Nwain and her monastery cousin will arrive at Lacefort expecting a run-of-the-mill courtly tournament.  What they will find is the Margravine's last-ditch effort to attract investors: a lavish festival with outlandish prizes.. held while her subjects starve below.  It's an impossible mess for those involved, but perhaps an outside perspective can prove to help.

Beyond the current crisis, there remains the edge of the Dream, the border which the Margravine defends.  Past her kingdom lays a great chasm that cuts low into the underworld, where demons prey on old ancestral souls and nibble their names from living memory.


Yeesh, I want to write this thing already!

Monday, February 13, 2012

Bonbon Voyage

This semester, I am Lead Artist for Gingerbread Games, a team of student artists.  Our game is Bonbon Voyage, a fairytale story of Siggy, a greedy little boy who abandons his chores and discovers a candy maze.  We're using the Unity engine to make the game, and, if all goes well, we will be able to publish to the web with Flash.

Of course I haven't forgotten about my comic book project, but it's relegated to the back burner while school is on.

Tuesday, January 3, 2012

Mad Science!

Okay.  So.  Fall semester was as deadly as predicted, and I spent most of winter break recovering.  That time also included a few experiments regarding how traditional lines and photoshop color can interact.  The intent was to preserve pencil lines, which can have more texture to them than ink.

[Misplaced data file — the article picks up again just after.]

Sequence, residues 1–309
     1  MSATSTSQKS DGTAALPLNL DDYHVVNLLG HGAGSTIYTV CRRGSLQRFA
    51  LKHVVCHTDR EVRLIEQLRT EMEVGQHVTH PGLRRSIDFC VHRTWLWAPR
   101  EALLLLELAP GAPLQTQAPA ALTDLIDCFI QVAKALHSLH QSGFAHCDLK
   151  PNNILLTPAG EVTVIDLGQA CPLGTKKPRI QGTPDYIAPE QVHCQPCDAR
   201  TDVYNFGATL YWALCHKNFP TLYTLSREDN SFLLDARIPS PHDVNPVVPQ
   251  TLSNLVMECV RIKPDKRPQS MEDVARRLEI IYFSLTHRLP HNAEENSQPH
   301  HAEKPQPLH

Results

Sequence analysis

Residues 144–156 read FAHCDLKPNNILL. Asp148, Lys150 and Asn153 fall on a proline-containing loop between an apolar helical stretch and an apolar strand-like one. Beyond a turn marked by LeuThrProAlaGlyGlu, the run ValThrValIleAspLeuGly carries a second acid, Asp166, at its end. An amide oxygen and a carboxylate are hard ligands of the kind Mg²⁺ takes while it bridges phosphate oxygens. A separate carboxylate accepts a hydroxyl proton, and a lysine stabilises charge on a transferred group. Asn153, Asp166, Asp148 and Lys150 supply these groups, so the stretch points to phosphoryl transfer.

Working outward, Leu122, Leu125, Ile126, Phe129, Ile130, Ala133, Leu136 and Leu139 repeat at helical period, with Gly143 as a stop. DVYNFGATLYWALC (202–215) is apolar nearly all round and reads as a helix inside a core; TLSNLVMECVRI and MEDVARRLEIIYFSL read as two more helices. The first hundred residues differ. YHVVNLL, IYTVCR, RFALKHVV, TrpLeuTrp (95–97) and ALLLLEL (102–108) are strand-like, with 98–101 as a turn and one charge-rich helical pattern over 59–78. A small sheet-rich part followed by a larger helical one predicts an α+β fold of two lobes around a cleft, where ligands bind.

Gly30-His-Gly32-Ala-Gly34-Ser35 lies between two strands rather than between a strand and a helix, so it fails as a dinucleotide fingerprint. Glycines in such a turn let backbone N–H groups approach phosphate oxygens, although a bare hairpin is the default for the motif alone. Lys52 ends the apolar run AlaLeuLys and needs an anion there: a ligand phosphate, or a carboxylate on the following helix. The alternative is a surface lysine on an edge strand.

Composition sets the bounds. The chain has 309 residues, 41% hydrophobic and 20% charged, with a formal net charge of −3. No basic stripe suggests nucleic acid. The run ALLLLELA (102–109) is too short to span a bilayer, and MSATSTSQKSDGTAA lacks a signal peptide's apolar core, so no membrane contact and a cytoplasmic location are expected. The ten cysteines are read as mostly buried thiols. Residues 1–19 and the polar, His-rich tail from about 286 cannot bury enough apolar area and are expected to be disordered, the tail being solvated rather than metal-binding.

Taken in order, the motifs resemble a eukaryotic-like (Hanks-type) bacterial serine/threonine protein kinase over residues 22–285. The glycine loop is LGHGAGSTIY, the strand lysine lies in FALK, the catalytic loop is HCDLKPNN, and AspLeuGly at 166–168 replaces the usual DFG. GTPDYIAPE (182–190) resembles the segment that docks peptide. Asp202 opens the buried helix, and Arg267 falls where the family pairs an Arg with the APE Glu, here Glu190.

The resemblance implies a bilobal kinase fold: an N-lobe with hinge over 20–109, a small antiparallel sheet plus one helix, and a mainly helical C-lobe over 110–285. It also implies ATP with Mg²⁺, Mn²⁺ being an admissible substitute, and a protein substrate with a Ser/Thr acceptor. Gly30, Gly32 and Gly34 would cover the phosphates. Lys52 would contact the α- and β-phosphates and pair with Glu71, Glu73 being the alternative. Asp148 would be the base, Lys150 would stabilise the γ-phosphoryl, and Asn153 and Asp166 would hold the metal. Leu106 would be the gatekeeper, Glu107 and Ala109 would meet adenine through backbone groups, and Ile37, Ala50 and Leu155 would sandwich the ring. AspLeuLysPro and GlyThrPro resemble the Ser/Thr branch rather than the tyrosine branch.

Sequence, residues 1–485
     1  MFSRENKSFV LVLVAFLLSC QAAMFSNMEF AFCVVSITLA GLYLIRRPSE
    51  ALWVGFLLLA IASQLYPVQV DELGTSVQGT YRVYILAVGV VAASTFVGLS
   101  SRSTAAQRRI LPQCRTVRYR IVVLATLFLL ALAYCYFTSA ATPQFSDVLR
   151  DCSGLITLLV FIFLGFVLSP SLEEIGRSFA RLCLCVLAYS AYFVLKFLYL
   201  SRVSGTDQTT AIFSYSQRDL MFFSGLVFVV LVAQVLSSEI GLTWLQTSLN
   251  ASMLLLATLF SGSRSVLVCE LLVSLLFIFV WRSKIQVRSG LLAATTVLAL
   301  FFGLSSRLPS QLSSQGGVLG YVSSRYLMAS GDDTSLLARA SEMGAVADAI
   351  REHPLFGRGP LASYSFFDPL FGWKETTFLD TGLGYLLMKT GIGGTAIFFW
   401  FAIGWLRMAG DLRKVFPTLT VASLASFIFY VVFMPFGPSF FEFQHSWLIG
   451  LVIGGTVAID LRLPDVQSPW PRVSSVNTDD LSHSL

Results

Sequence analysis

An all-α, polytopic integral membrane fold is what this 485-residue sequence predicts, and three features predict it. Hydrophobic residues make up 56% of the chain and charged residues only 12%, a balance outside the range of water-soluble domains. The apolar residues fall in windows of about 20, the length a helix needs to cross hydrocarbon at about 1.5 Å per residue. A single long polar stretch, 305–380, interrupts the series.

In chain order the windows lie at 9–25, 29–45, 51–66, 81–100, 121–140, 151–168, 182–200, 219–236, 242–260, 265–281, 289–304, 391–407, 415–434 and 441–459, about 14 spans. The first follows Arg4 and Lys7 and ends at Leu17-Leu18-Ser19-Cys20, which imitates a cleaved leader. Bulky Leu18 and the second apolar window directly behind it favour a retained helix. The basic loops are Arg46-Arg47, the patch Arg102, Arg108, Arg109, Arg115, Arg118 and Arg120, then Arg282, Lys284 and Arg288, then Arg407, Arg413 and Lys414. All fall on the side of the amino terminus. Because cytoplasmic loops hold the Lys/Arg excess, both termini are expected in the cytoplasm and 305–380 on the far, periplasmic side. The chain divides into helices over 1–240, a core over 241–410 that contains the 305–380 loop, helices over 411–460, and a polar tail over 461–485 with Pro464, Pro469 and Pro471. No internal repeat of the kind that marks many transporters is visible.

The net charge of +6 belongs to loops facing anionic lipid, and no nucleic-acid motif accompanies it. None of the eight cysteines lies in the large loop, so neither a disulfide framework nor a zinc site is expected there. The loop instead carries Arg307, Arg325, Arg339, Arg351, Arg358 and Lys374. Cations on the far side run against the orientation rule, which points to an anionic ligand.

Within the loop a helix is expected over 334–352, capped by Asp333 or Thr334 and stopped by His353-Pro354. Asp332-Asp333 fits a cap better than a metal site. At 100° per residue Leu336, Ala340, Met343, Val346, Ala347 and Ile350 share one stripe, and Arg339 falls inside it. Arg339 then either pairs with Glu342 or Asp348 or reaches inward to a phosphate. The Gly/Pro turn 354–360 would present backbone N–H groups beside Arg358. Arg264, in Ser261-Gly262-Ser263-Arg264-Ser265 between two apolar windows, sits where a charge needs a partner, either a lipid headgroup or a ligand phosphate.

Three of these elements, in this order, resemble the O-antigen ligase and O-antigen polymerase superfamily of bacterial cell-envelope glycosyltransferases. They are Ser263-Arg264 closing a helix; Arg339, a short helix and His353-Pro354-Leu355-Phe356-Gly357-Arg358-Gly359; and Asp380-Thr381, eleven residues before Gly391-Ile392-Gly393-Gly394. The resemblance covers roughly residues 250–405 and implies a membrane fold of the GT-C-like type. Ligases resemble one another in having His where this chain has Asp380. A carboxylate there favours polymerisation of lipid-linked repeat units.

Generally, scanners have a hard time picking up the subtler lines that pencils make, and this was my initial problem.  It's one everyone faces.  But I found a solution!  I reasoned that due to the exposure settings on my scanner (which I'm not sure I can change) the bright whiteness of standard printer/sketchbook paper may be what's drowning out the lighter pencil work.  So I tried drawing on light gray paper and scanning that.  It was a noticeable improvement.  Much more of the information was preserved.

Anyway, here's some pictures.

1.  Nwain.  Traditional: Pencil.  Digital: Ink and color.
Used gray paper.  The paper and pencils were color shifted in photoshop, using hue & saturation set to colorize.  The paper/pencil layer was then set to linear burn and moved on top of the painting layer.

 2.  The Margravine.  Traditional: Pencil and ink.  Digital: Color.
I like to ink traditionally.  It's fun.  So I thought I'd try inking directly on a pencil sketch.  That wasn't fun.  It saved me about two seconds (the time it would take to grab a new sheet of paper and scoot over to the light table), and it cost me a bucket a sweat.  Not doing that again.

3.  Nameless Fire Sprite.  Traditional: Pencil and ink.  Digital: Color.
Here, I penciled on gray paper, got a fresh gray page and inked on that.  One problem with this particular gray paper is that it's not as transparent as regular printer paper.  That made inking difficult.  I could hardly see what I was doing.

4.  The next step will involve finding and testing various light weight toned papers.  I'll start with vellum, as soon as I figure out where I put it...


This picture is somewhat unrelated to the others.  It's inked traditionally and colored in photoshop.  I wanted to try out a new set of pen nibs.  They, at least, work well.

That's it for this entry.  Spring semester is fast approaching, and I'll be just as swamped as Fall.  See you around spring break!